4 Reasons Why Your Online Demo is Failing You (and how to fix it)

Let’s get right into it… you get your prospect on the phone, prepared to give the demo of a lifetime, hoping (no hope is not a strategy), knowing that you are about land the deal that will make you the talk of the entire company. Now let’s fast-forward… and the time comes to give what was just the world’s best sales delivery of unparalleled benefits and features. You totally brought your A game… But then, (uh oh), your prospect ‘no showed’ on your agreed upon follow up meeting. You didn’t even get a ‘running late’ notice before the call. In fact, there is no communication at all. The following day, you decide to take matters into your own hands. You pick up the phone, somehow this time get your prospect on the line, but to your bewilderment that very deal of a lifetime selected another company.

How and why did your amazing demo fail? Will it fail again?

Yes, especially if you can’t understand what happened in the first place.

Here are 4 shocking reasons why your online demo failed (and what you can do about it).

Problem #1 – Your Demo Focuses Too Much on Features

I know you probably think that’s crazy. How could it possibly be a bad thing to focus on the features that your product offers? Features are great. Everyone gets excited when you have that first-to-market feature the market has been clamoring for. However, unless you’re translating those features into solutions for your potential client, then you’re wasting their time. Your product may offer the best calendaring system in the universe. It may have 57 features created by Khronos himself, but if you can’t explain how those features solve a problem for your participant, then your calendaring benefits are useless.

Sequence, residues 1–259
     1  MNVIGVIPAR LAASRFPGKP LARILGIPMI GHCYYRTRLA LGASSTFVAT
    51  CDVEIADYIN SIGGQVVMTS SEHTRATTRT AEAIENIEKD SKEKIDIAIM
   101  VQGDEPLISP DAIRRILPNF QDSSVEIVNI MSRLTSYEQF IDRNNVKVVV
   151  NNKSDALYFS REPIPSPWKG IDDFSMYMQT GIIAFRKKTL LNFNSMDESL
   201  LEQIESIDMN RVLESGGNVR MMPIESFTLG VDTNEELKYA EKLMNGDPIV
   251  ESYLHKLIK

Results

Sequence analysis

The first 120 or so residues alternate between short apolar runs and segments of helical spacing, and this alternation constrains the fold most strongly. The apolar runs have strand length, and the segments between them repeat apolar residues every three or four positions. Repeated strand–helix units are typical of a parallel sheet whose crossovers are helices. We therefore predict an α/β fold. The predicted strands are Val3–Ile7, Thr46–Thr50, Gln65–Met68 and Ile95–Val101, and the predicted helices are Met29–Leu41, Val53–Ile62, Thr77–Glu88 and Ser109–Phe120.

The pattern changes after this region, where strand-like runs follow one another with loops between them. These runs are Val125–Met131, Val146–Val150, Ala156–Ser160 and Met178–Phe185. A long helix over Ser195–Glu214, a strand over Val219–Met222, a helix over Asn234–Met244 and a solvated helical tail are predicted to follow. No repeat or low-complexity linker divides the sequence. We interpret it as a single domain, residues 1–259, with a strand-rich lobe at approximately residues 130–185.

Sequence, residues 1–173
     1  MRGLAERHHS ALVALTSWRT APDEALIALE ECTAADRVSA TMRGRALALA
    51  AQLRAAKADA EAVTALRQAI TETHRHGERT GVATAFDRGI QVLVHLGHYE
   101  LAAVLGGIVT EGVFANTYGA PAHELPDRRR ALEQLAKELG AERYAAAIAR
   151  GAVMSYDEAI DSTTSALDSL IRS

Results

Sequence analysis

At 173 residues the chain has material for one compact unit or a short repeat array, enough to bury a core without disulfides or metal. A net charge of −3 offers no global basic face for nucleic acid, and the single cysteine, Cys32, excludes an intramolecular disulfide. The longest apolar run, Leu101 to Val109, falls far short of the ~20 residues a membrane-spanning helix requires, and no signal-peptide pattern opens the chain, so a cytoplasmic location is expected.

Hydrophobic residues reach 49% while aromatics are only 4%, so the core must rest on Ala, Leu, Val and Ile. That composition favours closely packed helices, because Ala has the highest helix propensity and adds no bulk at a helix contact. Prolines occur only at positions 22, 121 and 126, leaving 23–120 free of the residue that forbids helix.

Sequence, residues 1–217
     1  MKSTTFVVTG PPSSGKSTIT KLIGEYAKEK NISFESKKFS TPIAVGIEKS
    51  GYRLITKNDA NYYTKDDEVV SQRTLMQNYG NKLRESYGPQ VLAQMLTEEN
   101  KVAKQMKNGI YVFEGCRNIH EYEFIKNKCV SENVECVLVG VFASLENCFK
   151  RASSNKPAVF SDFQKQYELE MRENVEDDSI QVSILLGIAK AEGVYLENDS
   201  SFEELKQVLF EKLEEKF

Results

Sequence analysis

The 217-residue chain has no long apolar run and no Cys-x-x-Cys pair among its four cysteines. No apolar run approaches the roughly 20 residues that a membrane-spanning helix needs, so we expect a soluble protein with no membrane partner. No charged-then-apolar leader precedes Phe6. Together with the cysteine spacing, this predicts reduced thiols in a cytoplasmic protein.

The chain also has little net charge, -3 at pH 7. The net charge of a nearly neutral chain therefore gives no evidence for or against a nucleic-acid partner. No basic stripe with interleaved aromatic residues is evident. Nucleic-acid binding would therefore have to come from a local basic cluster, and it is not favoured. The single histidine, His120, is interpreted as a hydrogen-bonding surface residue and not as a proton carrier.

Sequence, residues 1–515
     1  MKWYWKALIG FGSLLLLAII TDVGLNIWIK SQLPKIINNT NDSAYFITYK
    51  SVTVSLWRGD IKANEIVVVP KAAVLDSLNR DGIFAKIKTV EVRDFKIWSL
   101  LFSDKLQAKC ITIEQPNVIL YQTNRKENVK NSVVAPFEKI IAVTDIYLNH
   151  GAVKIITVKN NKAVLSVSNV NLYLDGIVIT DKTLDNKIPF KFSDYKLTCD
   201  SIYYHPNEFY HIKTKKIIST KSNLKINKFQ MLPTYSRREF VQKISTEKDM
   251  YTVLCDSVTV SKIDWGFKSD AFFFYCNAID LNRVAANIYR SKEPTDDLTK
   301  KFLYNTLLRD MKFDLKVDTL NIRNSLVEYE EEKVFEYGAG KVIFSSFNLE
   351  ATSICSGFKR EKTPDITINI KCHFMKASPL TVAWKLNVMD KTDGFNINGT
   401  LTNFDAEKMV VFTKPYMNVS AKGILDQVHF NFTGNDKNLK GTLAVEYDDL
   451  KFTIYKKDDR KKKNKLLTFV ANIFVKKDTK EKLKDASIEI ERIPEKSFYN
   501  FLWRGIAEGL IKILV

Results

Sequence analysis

Tailor each online demo specifically for each prospect. Your prospect considered you and your product for one reason: they think that you may have the answer to their problems. You can’t solve those problems unless you know exactly what those problems are. Each prospect will have different problems. Do not make the presumption that because one particular type of business has a problem that all similar businesses have the same problem. Your demo won’t fail you if it is designed specifically to solve the problems of the prospect that attends. Find out about their struggles in advance and then use your demo to show how the benefits of your product solve those particular problems.

Problem #2 – You Spend Too Much Time Talking in General

Online demos are a bit like going on a first date. You invite the prospect (or your date) because you think you have something to offer that can enhance their life. You talk to the prospect (or your date) before hand to get to know them a little. When the big day arrives, you talk so much that your prospect (or date) can’t get a single word into the conversation. They are now frustrated and don’t see how amazing you really are. We don’t do business with or marry people because we want them to make our lives more difficult.